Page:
Ambassador John Herbst serves as the Coordinator for Reconstruction and Stabilization at the U.S. Department of State.
My name is John Herbst. I’m the Coordinator for Reconstruction and Stabilization in the Office of Reconstruction and Stabilization at the State Department. This is a relatively new office. It was created not quite five years ago, and it was created in response to the problems we ran into in Afghanistan, and especially Iraq, providing civilian oversight for the activities needed to rebuild those societies.
S/CRS was created to do two things: one, to organize all assets on the civilian side of the U.S. Government for conducting successful stabilization operations to make sure we had the right plan, the right implementation group, the right strategy to reconstruct society; two, we were organized to establish a Corps of civilians with the right skills needed to deploy into a crisis. S/CRS has come a long way in the last almost five years, and we are in the process right now of building a Civilian Response Corps of 600 people. We have also created a system for organizing the U.S. Government – we call it the Interagency Management System – which has been thoroughly tested, and parts of which have been used in real-life crises.
S/CRS has an office now of over 100 people. And we have deployed our people to hot spots around the world. They have seen action in Darfur, in eastern Chad, in Liberia, the Democratic Republic of the Congo, Haiti, Kosovo, Lebanon, Sri Lanka, Bangladesh, Nepal, Iraq, and Afghanistan. Our people have gone to these different places to do different things. For example, in Haiti, we helped train police. We helped provide the equipment and the wherewithal for police to return to Cité de Soleil, which is the principal slum in the city of Port-au-Prince, a slum which had no policing until we helped put police back there. We sent an expert on the rule of law to Liberia to help develop the legal system there to run in a way which we all consider to be fair. We’ve had our most important deployments in Afghanistan. We have had as many as 12 people on the ground there. We’ve helped every American Provincial Reconstruction Team write a plan of civilian operations.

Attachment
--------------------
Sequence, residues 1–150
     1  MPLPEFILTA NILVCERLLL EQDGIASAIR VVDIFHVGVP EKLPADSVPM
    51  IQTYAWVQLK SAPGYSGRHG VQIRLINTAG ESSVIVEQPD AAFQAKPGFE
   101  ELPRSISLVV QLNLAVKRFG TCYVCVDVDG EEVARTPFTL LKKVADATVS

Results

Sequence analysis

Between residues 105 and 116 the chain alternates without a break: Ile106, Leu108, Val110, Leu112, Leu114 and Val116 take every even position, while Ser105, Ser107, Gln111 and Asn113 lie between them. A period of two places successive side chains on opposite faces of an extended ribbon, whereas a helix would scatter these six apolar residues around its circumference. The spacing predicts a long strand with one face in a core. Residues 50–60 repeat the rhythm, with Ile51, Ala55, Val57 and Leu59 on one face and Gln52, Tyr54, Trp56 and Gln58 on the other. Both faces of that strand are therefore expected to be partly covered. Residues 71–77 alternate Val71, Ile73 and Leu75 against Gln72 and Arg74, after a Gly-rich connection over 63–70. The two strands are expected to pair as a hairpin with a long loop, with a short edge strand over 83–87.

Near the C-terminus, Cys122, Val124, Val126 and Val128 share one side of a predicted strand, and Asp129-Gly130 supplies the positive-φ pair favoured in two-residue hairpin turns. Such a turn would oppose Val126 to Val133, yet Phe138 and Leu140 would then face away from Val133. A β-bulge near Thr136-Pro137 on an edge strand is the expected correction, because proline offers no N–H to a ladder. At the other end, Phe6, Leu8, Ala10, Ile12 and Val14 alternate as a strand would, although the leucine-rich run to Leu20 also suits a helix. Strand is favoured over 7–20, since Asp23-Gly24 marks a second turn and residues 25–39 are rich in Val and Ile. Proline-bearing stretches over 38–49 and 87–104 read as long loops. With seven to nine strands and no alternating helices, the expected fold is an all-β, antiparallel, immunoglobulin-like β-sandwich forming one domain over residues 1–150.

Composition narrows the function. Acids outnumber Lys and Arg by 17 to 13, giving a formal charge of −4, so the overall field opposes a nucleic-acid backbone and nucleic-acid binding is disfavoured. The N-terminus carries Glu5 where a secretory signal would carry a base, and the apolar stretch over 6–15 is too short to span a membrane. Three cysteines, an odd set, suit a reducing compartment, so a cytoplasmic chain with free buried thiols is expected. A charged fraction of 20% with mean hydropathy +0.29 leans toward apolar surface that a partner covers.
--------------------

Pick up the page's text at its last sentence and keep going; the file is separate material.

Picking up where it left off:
At our urging, the last couple of months, our Embassy in Kabul stood up an interagency group, called the Interagency Civilian-Military Action group – the Integrated Civilian-Military Action group – to help ensure that all American efforts in Afghanistan were fully coordinated – the efforts of the Defense Department, USAID, the State Department, Justice Department, and so on.
S/CRS is looking for people to staff the Civilian Response Corps. The Civilian Response Corps will have employees from eight different agencies. We will have a special component (inaudible). The inner core of this is what we call the active component. These will be people who have no jobs but to deploy to places in crisis. We are looking for people who have the skills needed in a country which has a very poorly functioning government, who have a sense of adventure to join the Civilian Response Corps. We’re looking for people who are able to provide oversight in areas like engineering, the people involved in the rule of law, policemen, judges, corrections officials, attorneys. We’re looking for public administrators, public health officials, for city planners, port operators, agronomists. We’re looking for people with these skills, a sense of adventure, and willing to contribute to American national security by helping countries where we have great national security interests at stake to stabilize. This is the future, I think, of the State Department – this expeditionary capacity to put people on the ground in dangerous situations where American interests are on the line.